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Richard Haley supervises 3 postgraduate research students. If these students have produced research profiles, these are listed below:

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Professor Richard Haley

Professor of Low Temperature Physics

Richard Haley

Physics Building



Tel: +44 1524 593211

PhD supervision

Please contact me if you are interested in a PhD in low temperature physics. We offer a range of projects including: experiments on superfluid helium-3 at world-record low temperatures close to absolute zero; fabricating and cooling nano-electronic and nano-electro-mechanical devices for fundamental science and new quantum technologies; development of new cooling techniques to push the boundaries of the lowest achievable temperatures.


Head of Low Temperature Group

Theme Lead for Quantum Technologies at Ultra-Low Temperatures


Rich Haley is responsible for a program of ultra-low temperature superfluid helium-3 experiments on phase transitions and nucleation which have fundamental implications across all science, and is involved in group work that includes the study of quantum turbulence. He develops new refrigeration techniques to push the limits of the lowest achievable temperatures in nano-fabricated devices and quantum-engineered sensors.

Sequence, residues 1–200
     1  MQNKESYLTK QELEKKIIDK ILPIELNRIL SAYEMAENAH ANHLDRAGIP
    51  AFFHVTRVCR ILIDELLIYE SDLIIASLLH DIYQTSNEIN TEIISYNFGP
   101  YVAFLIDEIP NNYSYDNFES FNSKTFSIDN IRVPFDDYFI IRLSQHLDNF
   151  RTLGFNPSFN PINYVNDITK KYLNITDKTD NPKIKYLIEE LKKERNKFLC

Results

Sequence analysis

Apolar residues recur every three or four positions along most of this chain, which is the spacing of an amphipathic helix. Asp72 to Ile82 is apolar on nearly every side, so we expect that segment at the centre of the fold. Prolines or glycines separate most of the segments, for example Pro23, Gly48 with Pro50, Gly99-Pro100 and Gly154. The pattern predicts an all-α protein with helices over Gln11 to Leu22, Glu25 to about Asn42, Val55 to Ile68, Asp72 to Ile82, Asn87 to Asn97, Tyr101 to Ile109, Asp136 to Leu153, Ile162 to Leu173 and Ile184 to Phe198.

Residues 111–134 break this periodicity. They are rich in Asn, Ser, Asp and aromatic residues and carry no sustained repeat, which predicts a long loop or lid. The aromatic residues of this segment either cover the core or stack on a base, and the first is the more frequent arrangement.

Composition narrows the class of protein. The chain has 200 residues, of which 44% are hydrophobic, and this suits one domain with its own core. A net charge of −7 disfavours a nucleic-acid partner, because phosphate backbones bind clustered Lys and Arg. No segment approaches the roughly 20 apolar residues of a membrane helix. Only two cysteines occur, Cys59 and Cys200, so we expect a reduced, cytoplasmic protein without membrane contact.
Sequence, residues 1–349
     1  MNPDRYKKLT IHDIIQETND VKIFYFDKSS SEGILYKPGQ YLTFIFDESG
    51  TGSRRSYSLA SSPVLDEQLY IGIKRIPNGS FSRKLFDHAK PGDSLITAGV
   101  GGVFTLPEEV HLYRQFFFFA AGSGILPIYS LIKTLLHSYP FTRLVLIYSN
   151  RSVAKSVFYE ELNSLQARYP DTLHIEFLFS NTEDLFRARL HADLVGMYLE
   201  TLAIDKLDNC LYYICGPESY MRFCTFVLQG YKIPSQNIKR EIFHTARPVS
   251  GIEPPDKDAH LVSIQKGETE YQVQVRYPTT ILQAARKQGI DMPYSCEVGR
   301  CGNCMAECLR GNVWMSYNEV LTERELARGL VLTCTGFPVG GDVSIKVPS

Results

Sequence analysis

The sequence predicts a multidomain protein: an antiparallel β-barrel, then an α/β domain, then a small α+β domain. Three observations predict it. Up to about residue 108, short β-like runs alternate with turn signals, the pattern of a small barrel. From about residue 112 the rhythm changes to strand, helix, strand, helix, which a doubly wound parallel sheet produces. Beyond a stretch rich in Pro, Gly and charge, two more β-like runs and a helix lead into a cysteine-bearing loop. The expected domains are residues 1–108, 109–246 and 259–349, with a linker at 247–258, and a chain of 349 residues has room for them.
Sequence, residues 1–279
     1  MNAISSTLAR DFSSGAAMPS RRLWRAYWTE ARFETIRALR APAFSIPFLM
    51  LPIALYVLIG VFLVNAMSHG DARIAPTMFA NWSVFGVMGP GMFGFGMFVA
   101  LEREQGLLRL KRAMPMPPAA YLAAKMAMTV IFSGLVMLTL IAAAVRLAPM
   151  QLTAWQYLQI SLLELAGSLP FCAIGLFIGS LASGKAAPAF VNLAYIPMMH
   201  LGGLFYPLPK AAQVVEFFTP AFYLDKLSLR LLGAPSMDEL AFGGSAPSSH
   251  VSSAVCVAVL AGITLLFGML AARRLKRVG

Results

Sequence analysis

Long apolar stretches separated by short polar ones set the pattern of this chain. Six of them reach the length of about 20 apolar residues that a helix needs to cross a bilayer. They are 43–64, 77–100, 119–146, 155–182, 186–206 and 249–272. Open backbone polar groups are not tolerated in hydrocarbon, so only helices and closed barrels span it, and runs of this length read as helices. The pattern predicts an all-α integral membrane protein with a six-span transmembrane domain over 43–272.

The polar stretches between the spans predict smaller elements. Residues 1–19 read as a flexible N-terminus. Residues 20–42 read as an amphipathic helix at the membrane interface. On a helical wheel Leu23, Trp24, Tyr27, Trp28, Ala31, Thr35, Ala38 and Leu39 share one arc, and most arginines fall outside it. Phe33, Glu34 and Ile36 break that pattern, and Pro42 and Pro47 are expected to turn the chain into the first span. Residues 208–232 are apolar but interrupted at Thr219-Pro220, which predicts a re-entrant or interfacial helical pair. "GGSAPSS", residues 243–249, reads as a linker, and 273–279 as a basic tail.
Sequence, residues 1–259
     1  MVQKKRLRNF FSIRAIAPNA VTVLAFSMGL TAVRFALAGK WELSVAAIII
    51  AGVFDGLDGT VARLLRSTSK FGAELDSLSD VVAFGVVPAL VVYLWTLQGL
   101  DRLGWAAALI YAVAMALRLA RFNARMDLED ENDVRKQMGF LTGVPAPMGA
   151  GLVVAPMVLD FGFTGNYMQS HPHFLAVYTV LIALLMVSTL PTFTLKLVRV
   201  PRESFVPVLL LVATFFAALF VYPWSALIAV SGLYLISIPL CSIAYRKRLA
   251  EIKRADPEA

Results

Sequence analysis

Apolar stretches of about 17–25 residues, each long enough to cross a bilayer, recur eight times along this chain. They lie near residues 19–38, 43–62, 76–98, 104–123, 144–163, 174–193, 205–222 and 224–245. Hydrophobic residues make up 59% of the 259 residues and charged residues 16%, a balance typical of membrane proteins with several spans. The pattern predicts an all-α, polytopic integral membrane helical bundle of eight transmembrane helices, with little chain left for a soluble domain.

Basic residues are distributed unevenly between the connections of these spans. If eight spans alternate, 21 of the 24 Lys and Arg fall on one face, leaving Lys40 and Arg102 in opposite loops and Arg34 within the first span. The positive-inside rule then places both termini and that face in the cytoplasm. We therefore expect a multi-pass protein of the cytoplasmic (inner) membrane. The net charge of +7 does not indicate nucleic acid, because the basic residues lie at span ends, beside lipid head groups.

At temperatures close to absolute zero helium-3, the light isotope of helium, forms a unique superfluid liquid where friction vanishes and all atoms are in the same quantum-mechanical state. This is the purest and most complex system for which we already have the “Theory of Everything”, and has an internal structure that mirrors that of space-time itself. Consequently, as well as being an ideal analogue for almost everything in condensed matter physics, superfluid helium-3 can be used to simulate particle and cosmic phenomena such as black holes and cosmic strings.


Rich gained his doctorate at the University of Manchester, working on the magnetic and textural properties of the A phase of superfluid helium-3. He then spent two years at the University of Florida making ultra-low temperature NMR and pressure measurements on solid mixtures of helium-3 in helium-4. He returned to the UK at the end of 1997 to take up a postdoc in the Lancaster ULT group.


In 2002 Rich was awarded a Royal Society University Research Fellowship, extended to 2010.

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Current Teaching

PHYS213 Maths II


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